Give us users’ bank data, including their accounts balance and the list of transactions made by cash or by credit and debit cards, and we will provide some new services. This is the request which has been put forward by Menlo Park to US banks.
As Wall Street Journal explained, Facebook purpose is to boost online sales made through their platform. However, after Cambridge Analytica scandal (ref. “Data and users: who is willing to give up targeting?”), privacy has become everybody’s concern. To the point that, despite the reassurance that such data would neither be used for adv targeting nor for sharing with third parties, one of the biggest banks involved has decided to back off.
On the other hand, Facebook intends to use such additional information about their users to develop new services aimed, for instance, to display notifications about bank accounts balances, in order to push Messenger 1 billion and three-hundred active users to spend more time on the platform. Such approach seems to appeal to investors, who, after a period featuring a negative trend and losses amounting in 119 billion dollars, last August rewarded the social platform with an increase of +4,45%, i.e. the biggest daily earnings since the decrease of the previous month.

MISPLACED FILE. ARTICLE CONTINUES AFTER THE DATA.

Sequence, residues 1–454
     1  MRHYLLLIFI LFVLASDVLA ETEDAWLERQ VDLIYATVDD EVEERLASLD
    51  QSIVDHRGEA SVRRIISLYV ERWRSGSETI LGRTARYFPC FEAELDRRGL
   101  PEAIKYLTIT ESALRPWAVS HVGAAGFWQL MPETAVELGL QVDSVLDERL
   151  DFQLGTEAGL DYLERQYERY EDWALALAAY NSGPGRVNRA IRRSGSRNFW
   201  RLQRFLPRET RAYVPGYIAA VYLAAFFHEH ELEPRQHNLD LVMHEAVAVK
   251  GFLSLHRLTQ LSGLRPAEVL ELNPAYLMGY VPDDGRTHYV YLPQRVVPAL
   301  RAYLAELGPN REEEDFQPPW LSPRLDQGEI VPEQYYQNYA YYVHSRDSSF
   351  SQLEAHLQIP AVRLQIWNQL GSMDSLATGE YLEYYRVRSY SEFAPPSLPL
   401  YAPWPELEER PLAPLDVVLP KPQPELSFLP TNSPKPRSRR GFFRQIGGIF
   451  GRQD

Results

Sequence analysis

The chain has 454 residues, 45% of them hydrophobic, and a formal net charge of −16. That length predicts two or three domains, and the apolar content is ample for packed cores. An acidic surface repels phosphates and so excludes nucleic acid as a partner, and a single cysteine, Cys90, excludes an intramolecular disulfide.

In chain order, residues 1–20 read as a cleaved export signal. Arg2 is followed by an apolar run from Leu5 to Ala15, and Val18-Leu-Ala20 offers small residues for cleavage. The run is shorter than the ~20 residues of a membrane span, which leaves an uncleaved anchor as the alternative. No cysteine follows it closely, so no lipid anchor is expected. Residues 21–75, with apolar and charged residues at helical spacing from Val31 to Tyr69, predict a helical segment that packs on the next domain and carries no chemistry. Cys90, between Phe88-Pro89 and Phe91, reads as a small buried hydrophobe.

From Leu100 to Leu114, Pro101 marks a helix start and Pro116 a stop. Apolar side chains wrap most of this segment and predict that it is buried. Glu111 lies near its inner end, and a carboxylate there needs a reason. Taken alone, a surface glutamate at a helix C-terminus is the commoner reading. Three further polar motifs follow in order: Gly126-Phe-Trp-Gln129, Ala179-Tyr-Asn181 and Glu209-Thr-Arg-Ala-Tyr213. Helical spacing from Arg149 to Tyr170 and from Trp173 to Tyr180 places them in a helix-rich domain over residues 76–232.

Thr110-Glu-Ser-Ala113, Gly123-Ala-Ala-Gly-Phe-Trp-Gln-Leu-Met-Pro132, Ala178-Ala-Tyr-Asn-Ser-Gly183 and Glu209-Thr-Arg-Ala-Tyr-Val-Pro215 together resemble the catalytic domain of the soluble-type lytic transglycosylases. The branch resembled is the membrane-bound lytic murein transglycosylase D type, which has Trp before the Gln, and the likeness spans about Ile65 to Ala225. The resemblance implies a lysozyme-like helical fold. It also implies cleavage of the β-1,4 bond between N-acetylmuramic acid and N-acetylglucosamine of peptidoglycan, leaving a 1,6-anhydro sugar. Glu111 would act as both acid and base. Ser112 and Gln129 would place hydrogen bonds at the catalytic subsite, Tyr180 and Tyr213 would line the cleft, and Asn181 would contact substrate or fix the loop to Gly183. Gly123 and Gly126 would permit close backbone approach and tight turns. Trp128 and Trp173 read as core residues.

Although banks may need to consolidate their presence online, they appear to be skeptical. Indeed, Facebook seems to have also asked, as part of the agreement, data related to the purchases made by users outside Messenger and many people have raised an eyebrow and backed off. In some cases they also had to reassure their clients about the fact that they would not provide data to other platforms. Considering this wave of mistrust, Facebook claimed they just intend to cooperate with traditional banks to offer a better service through a chatbot, as they already do with American Express, Mastercard and PayPal (Facebook wants financial data from America’s largest banks).
Nevertheless, Facebook is not the only online giant wishing to establish partnerships with banks: Google and Amazon are also courting them to add some bank services to their voice assistants. The main difference is that, while many users didn’t trust Facebook even before Cambridge Analytica scandal, according to a recent survey conducted by The Verge, most users trust Amazon as much as they trust their banks.
Thus, we may predict that Facebook will succeed in the long run. However, if in the US these news have generated such controversial reactions, we can only imagine what the European reaction may be, taking into consideration the GDPR.
Do you trust Facebook data policy? Would you be willing to provide them your bank data? Tweet @agostinellialdo
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